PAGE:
Using artificial intelligence, US scientists have been able to probe the 3D structure of the X chromosome and investigate how RNA causes the chromosome to fold and unfold in female embryos, leading to X inactivation.
'This is the first time we've been able to model all the RNA spreading around the chromosome and shutting it down,' said lead author Dr Anna Lappala from the Los Alamos National Laboratory in New Mexico. 'From experimental data alone, which is 2D and static, you don't have the resolution to see a whole chromosome at this level of detail. With this modelling, we can see the processes regulating gene expression.'
As female mammalian embryos are conceived with two X chromosomes, one is 'switched off' in each cell. X inactivation occurs when noncoding RNA found on the X chromosome engulfs the chromosome and recruits numerous protein complexes to inactivate and silence it.
To investigate X inactivation, researchers used experimental data from Harvard Medical School in Boston and Massachusetts General Hospital to develop the 4DHiC method that runs on supercomputers at the Los Alamos National Laboratory. 4DHiC extract 3D information from experimental mouse genomic data and use X inactivation as a model to examine the time evolution of 3D chromosome architecture during changes in gene expression.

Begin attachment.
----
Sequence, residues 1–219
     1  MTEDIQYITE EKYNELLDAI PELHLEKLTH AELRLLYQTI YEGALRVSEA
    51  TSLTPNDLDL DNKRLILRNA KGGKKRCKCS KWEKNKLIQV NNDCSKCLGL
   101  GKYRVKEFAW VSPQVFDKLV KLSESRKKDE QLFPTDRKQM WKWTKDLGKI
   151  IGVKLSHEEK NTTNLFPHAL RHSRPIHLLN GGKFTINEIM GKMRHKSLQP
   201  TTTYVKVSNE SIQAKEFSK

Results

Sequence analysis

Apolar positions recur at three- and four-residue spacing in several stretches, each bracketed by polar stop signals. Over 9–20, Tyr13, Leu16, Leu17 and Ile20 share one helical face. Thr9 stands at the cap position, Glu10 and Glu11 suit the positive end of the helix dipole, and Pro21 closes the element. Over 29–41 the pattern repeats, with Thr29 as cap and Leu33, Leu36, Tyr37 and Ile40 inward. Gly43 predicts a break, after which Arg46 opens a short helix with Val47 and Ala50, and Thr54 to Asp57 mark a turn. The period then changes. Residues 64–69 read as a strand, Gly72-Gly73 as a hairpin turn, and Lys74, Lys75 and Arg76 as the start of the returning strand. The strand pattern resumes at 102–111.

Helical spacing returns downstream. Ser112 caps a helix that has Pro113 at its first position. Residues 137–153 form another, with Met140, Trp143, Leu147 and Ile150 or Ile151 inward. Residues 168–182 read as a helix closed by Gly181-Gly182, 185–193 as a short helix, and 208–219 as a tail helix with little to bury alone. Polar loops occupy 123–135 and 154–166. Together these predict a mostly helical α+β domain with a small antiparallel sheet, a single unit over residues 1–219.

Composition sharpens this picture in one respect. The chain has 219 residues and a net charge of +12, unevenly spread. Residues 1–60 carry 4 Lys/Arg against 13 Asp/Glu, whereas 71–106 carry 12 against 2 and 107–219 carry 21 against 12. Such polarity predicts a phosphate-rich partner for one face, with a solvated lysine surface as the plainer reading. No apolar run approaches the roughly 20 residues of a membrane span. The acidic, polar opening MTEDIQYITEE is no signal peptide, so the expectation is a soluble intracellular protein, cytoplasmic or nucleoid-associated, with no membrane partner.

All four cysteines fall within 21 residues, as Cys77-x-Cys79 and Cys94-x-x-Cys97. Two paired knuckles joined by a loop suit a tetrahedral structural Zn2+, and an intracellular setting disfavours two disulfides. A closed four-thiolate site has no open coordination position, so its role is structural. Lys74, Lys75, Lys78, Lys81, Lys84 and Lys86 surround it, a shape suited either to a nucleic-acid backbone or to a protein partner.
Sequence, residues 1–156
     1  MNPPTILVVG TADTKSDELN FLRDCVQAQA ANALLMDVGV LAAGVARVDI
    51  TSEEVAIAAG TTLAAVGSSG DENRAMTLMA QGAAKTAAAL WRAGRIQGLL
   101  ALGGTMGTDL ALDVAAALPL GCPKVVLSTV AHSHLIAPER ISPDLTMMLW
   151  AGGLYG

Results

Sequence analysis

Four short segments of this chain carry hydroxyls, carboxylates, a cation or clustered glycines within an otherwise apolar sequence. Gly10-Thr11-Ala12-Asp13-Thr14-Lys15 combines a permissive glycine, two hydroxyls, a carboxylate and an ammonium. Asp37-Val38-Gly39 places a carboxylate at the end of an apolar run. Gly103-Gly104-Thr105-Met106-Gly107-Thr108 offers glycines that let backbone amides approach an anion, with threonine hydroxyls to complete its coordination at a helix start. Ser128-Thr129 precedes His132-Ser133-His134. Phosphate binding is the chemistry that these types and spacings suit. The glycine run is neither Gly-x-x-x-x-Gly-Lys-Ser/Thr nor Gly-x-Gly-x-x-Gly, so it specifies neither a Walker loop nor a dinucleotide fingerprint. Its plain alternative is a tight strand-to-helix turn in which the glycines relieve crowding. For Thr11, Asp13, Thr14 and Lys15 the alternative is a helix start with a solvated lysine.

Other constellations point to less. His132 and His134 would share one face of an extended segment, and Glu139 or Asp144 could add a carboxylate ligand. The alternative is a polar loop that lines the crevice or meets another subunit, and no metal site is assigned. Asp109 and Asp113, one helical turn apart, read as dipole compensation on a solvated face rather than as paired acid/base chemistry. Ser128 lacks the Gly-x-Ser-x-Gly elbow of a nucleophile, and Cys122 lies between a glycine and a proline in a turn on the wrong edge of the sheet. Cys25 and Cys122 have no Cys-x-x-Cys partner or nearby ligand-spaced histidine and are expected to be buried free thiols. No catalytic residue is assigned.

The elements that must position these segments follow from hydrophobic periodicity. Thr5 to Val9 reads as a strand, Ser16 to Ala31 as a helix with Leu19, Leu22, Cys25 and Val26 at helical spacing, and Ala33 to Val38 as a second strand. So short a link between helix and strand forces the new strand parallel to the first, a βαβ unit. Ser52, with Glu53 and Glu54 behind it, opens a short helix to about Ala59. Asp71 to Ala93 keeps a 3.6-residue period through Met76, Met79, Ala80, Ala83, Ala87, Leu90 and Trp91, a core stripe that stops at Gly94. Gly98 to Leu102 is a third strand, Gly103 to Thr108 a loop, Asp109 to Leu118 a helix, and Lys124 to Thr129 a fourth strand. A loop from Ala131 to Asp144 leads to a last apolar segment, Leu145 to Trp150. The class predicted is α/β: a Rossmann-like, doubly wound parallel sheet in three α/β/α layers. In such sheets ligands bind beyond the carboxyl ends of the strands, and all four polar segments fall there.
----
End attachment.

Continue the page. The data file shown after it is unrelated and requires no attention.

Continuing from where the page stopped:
The method was able to reveal in greater detail the folding and unfolding process of the X chromosome as it transitions from an active to inactive form. In a visualisation created by the researchers to show this process, RNA particles are shown to engulf and penetrate the inner structure of the chromosome to target and bind to the X chromosome inactivation centre to silence the chromosome.
The Los Alamos team are now developing a browser where scientists can upload genomic data to view chromosomes in 3D at different magnifications. They hope this new method will provide a greater understanding of gene expression and may reveal new treatments for genetic conditions.
'What's been missing in the field is some way for a user who's not computationally savvy to go interactively into a chromosome,' said Professor Jeannie Lee, professor of genetics at Harvard Medical School. She compared using the 4DHiC method to Google Earth, where 'you can zoom into any location on an X chromosome, pick your favourite gene, see the other genes around it, and see how they interact.'
The study was published in Proceedings of the National Academies of Science.